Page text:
Mike Briggs has seen quite a bit in his 20 plus years at his family owned feed yard, but losing 19 head of cattle -- all in one day - will go down in the books.
"This is the second biggest death loss we've ever had at our in history here.." said Briggs.
Sultry summer heat combined with other climate factors and hit the cattle at Briggs' lot with no remorse.
"There wasn't any wind like I said you had a 109 heat index which is really hard on the cattle. Like most producers we do everything we can to keep the cattle comfortable but sometimes mother nature wins," said Briggs.
At about $1,200 a piece, the loss is intensified in an already suffering beef industry.
"This heat and all the cattle losses..it's just one more nail in the coffin unfortunately..it's been a tough situation," said Briggs.
Briggs says his loss could have been much worse if not for a sprinkler system posted in his lot. He uses the sprinklers on days with high temps, humidity and no breeze.
"Where a lot of people lost hundreds of cattle we only lost 19 and I know that was due to the sprinklers."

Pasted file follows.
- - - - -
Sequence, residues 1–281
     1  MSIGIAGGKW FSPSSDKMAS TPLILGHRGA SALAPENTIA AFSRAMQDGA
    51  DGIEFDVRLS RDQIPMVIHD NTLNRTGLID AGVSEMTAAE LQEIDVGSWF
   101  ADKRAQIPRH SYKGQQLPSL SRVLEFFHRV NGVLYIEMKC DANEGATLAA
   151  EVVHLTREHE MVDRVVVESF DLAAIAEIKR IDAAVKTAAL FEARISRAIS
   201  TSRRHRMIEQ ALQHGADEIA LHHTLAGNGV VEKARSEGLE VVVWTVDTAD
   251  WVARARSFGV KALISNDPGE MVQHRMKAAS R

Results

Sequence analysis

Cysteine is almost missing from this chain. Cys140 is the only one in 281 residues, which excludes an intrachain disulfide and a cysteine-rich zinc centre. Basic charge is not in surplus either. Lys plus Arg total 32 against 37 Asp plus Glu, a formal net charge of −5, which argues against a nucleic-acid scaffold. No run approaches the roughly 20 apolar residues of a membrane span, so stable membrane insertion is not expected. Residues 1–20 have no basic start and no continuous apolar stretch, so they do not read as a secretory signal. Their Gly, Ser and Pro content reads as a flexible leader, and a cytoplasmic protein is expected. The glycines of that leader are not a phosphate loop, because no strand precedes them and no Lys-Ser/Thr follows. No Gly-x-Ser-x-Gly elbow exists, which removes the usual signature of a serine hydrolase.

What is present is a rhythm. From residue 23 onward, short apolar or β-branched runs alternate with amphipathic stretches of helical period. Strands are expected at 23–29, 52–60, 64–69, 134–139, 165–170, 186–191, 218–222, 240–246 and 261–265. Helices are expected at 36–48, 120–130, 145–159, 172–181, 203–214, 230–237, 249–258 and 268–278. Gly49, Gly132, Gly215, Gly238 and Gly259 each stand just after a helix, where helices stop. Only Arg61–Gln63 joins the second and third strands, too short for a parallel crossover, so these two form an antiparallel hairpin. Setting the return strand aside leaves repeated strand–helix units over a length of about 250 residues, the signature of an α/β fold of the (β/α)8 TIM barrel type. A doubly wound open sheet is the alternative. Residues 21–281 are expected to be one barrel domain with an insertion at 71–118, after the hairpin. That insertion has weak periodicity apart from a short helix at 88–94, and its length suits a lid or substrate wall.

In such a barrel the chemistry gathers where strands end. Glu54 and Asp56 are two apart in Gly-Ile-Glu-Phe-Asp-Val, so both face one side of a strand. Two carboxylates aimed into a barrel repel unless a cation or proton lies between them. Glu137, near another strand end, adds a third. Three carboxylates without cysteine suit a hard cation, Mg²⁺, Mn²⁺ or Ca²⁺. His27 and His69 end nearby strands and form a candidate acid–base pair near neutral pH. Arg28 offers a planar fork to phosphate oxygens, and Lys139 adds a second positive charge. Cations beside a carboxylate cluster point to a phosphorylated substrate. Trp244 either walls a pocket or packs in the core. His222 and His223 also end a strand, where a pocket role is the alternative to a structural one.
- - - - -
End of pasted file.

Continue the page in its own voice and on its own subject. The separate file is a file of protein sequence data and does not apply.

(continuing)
The Farm Service Agency said between 3,800 and 4,000 cattle died across 23 counties in central and eastern Nebraska, all around June 22.
"It's quite a bit higher than what we're used to, especially in the month of June," said Tim Reimer, a farm loan specialist with FSA.
Reimer said they're working to get affected producers assistance -requesting a disaster declaration from the FSA administrator in Washington. Under the status, counties which have submitted loss assessment reports would be considered for emergency loans through FSA.
Reimer said the loans are currently at a fixed rate of 3.75 percent.
Agriculture Secretary, Tom Vilsack, also announced Tuesday that financial assistance is now available for livestock producers affected by natural disaster through the Livestock Indemnity Program, also known as LIP.
As part of the 2008 Farm Bill, LIP also offers low interest rates. Eligible losses must have occurred on or after Jan. 1,2008 and before Oct.1, 2011.
For more information you can visit. www.fsa.usda.gov.